Mike Gorman said yesterday on the Dennis & Callahan show that this year’s Boston Celtics are more unpredictable than any he’s seen in 30-plus years of broadcasting. Which got me thinking: Are the Celtics really THAT unpredictable?
Granted, they have had moments of looking bad in the postseason (think: Game 4, second half) and moments of looking like a juggernaut (see: Game 5, second half or Game 3, second half). But this is the NBA playoffs. Each game is its own universe and teams don’t generally sweep every series, even against inferior opponents. The Atlanta Hawks are a pretty good team and the Sixers are tough, too. This was never supposed to be a walk through the park.
I would go so far as to say that since 2009 (the year Garnett went down with injury but the Celtics remained built in his likeness), this is Boston’s MOST predictable team. Ever since the All-Star break we’ve known exactly what to expect every night. Kevin Garnett will score 17-20 with 8-10 boards and play dominant defense for however long he’s on the court. Rajon Rondo will register at least 10 assists every night and sometimes attack the rim enough to make us all smile. Paul Pierce will score between 15-25, Avery Bradley will provide dogged defense and plenty of backdoor cuts and occasionally make some corner threes, Brandon Bass will hit jump shots (most of the time), and the bench will play its ass off but score about as often as a soccer team. Everybody who steps on the court will contribute in some fashion, because that’s what these Celtics do. Sometimes they win and sometimes they lose, but this is NBA basketball: you can’t win them all. Even then, there’s a pattern: If they rebound and take care of the ball, they normally win. If they don’t, they normally lose. They struggle through scoring droughts on most nights, but when they don’t, they play like a juggernaut because their defense is dominant.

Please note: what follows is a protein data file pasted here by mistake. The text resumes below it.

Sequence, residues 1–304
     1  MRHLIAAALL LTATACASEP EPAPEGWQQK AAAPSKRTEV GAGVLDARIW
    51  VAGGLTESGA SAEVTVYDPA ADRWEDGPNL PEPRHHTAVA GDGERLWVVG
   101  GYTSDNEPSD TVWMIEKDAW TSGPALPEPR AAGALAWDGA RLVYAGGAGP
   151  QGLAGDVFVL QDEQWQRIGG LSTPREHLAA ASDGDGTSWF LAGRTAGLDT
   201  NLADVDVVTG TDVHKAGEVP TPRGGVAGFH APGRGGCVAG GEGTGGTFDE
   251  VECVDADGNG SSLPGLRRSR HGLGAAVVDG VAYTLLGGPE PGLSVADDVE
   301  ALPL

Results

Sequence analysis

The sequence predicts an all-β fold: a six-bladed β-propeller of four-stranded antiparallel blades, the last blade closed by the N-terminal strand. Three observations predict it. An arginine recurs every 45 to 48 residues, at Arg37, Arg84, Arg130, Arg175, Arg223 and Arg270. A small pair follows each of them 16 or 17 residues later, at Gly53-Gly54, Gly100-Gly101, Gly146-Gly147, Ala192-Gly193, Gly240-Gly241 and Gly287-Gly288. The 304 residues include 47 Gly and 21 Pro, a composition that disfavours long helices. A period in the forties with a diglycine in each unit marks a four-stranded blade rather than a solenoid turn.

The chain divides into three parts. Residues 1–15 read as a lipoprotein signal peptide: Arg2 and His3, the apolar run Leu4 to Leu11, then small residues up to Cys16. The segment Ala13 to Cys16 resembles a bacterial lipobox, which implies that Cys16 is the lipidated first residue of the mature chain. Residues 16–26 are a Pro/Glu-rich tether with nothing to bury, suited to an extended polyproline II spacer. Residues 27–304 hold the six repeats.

Also keep in mind to whom we’re comparing these Celtics, and this is just in the past two seasons. The 2010 team got blown out by 30-plus points approximately 45 times in the second half of the season. Even during its postseason run to the Finals, that team was Jekyll and Hyde like no other. Check out the game-by-game scores from the Eastern Conference semis against the Cavaliers:
Game 1: lost by eight
Game 2: won by 18
Game 3: lost by 29
Game 4: won by 10
Game 5: won by 32
Game 6: won by 9
Roller coaster ride, much?
Then there was 2011, which featured another second-half swoon in which we didn’t know when the Celtics would choose to vomit all over the court, we just knew it would be soon.
For good or for bad, we generally know what to expect from this season’s Celtics. They won’t always win, but I find them to be relatively consistent, at least compared to recent versions.
I still have no idea whether they’ll win tonight. But that’s because this is basketball, even the best teams don’t win every night, the Sixers — despite their lack of a true star — are actually a pretty good squad, and the Celtics — due to their lack of an elite offense — normally need to grind out games but occasionally hit on all cylinders and look beautifully in sync.